I believe that the above information is likely why television and other media are such huge attractions.  Adrenally depleted people cannot muster the energy to do much–getting something to eat and crashing with Netflix is what a lot of folks do at the end of the day because they are physically incapable of anything else.  This, too, is a cost of our work.

 

The Non-Physical Costs of Overwork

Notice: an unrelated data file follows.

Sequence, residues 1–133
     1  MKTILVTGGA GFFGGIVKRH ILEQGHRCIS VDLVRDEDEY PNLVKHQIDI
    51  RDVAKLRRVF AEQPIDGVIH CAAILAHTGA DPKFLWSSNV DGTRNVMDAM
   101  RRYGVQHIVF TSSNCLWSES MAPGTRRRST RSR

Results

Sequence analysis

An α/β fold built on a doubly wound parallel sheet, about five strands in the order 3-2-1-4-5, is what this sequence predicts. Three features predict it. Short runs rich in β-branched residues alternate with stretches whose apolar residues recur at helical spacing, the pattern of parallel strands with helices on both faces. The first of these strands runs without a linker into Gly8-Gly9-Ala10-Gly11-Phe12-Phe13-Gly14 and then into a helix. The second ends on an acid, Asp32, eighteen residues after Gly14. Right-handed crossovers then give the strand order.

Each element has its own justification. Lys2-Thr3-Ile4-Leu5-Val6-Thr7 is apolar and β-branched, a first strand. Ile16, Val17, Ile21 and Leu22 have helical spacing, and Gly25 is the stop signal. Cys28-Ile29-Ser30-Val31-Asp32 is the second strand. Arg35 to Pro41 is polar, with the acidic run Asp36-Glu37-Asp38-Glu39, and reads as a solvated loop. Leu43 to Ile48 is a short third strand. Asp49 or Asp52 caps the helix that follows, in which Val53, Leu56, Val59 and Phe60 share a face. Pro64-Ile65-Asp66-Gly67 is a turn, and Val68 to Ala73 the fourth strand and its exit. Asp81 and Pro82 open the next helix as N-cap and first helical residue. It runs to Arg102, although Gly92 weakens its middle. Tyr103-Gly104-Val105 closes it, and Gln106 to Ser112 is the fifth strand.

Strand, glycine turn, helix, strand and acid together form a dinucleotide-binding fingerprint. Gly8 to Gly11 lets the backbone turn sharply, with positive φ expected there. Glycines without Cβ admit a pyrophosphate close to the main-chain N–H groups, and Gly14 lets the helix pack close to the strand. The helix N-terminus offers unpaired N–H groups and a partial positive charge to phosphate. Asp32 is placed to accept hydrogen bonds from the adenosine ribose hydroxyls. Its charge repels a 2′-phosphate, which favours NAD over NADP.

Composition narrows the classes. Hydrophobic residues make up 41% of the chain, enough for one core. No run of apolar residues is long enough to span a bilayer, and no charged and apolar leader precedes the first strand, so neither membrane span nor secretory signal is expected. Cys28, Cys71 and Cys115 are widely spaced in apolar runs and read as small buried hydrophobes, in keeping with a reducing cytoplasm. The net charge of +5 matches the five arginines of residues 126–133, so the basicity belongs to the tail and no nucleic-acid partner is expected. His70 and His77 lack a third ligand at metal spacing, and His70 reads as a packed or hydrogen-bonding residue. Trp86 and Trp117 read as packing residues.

Schor notes that the decline of American leisure time has resulted in what she calls “loss of independence.” Likewise, literary figure Herman Mellville wrote in a letter to a family member, “Whoever is not in possession of leisure can hardly be said to possess independence.” The more that our working hours are wrapped up in our jobs or other responsibilities (meaningful or not), and the more time we spend outside of that work as exhausted and adrenal depleted zombies, the less we are able to engage in any meaningful activity that doesn’t have to do with earning a living.  Independence is critical to our success in any endeavor or path beyond our work.